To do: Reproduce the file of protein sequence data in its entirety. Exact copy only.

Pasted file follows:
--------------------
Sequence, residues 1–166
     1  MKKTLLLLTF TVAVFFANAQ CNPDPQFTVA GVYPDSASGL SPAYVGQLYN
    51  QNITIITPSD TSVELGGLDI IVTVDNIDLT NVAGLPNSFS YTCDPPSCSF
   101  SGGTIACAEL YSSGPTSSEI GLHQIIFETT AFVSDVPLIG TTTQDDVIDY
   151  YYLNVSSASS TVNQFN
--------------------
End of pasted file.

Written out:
Sequence, residues 1–166
     1  MKKTLLLLTF TVAVFFANAQ CNPDPQFTVA GVYPDSASGL SPAYVGQLYN
    51  QNITIITPSD TSVELGGLDI IVTVDNIDLT NVAGLPNSFS YTCDPPSCSF
   101  SGGTIACAEL YSSGPTSSEI GLHQIIFETT AFVSDVPLIG TTTQDDVIDY
   151  YYLNVSSASS TVNQFN